The Retail Industry Leaders Association recently published "Total Retail Loss 2.0: From Theory to Practice," a report that analyzes the global retail industry’s adoption of the Total Retail Loss concept first introduced in 2016.
“It’s quickly becoming the most precise tool in our arsenal to meet an individual consumer specific need at the exact right moment...I think this will help us create the capability to grow profitably across the breadth of the portfolio and ultimately, again it’s putting ourselves in position to serve consumers in a way that gets them the product that they need when they want it and where they want it.” - Mark Parker, Nike CEO
In the highly competitive retail sector, ensuring that the right product is on the right shelf at the right time is critical. Yet the problem of shelf out-of-stocks (OOS) remains as stubborn as ever. Could the LP team be the key to unlocking this new sales opportunity?
There is little consensus on what constitutes “loss” within the retail world nor how it should be measured. The terms “shrinkage” and “shortage” have been loosely applied to encapsulate some of the areas that generate loss, but they are not terms enjoying a clear and agreed-upon definition across the sector.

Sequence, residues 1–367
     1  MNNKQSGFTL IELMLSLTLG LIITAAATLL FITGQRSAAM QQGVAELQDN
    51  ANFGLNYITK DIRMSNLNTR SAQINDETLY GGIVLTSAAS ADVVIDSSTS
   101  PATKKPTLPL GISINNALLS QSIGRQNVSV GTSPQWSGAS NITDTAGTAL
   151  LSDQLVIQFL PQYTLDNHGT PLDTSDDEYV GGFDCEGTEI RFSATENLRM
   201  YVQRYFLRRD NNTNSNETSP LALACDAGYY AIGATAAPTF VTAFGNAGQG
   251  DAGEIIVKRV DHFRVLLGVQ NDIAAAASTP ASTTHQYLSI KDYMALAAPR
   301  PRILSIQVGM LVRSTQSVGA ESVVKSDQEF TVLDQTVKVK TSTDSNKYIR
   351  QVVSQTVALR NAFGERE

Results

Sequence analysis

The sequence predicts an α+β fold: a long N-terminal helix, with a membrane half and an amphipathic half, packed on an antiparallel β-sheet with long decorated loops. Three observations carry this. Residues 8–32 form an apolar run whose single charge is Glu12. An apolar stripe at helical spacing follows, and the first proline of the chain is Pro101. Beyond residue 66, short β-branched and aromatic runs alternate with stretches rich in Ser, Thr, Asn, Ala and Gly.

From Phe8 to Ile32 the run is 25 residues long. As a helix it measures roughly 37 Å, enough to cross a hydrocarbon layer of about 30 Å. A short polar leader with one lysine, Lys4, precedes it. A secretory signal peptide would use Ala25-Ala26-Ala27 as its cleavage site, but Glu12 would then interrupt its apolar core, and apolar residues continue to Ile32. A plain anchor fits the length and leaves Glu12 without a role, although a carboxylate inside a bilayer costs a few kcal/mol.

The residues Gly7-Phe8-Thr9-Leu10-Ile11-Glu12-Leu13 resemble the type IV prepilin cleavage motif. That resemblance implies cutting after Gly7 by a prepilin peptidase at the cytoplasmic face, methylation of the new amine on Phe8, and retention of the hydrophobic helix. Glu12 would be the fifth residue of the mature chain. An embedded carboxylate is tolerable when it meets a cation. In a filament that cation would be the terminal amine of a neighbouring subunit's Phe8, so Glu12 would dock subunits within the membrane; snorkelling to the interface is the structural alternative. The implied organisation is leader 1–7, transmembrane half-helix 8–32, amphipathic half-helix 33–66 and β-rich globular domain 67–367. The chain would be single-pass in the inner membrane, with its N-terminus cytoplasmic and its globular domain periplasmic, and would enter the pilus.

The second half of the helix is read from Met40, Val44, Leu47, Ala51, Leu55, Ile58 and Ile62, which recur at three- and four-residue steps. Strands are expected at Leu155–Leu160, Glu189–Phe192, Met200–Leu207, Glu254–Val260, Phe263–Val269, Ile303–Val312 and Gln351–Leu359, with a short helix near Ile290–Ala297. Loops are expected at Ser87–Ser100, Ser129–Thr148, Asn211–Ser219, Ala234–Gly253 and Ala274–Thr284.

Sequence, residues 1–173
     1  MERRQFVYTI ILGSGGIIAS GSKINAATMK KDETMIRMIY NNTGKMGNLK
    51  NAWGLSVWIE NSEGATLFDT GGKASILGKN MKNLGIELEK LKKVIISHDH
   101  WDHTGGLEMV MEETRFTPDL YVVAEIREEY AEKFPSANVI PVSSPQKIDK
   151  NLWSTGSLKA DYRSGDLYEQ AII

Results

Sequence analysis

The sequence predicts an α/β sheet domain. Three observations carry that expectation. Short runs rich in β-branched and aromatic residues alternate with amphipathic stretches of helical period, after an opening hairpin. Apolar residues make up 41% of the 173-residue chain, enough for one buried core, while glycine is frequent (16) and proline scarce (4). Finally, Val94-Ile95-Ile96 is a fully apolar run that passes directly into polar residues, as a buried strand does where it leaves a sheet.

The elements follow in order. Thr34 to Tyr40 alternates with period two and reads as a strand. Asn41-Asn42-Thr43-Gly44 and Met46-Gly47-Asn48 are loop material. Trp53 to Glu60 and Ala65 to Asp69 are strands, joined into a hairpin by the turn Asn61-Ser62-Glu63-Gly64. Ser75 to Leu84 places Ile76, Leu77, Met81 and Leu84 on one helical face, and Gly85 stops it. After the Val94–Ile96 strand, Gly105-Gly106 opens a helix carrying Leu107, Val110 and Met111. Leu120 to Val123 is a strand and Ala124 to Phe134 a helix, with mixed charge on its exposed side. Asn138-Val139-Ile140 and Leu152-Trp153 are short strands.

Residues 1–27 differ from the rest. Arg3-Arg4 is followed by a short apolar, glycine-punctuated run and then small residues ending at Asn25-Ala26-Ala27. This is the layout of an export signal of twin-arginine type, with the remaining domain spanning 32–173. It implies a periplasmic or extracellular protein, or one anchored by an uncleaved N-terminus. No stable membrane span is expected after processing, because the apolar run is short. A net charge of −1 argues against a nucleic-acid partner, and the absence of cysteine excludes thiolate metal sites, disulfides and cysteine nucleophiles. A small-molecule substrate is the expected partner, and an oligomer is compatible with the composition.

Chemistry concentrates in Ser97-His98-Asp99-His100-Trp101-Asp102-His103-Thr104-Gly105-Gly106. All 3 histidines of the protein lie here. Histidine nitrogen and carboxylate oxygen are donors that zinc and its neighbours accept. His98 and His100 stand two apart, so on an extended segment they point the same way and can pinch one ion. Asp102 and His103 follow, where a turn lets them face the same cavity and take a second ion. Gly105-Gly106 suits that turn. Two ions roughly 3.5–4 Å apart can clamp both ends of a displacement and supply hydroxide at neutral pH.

Throughout my career, I've investigated numerous significant increases in shortage on a multi-store level. In each case, the cause was traced to the distribution process.
The bedrock upon which healthy retailers are built is the supply chain that provides the goods to be sold. A retailer’s competitiveness, then, or lack thereof, is in measurable part a reflection of the extent to which these avenues of supply are cost effective and efficient.
Few things are as frustrating for a loss prevention leader than discovering a bad packaging design they know will promote retail shrink— a feature which could easily have been prevented.
Not every loss prevention tool fits the needs and budget of every retailer. However, a combination of tactics makes an impact and reduces a store's shrinkage.
Solutions to address theft and loss are often led from the retailer side of the partnership, but manufacturers do face responsibilities when it comes to product protection. From manufacturer to retailer, product protection is everyone's job.
In a world where opposites attract, denial of service could be a force for good and put to commercial use, particularly in retail where organized retail crime gangs and opportunist thieves have had a free hand at disrupting legitimate business.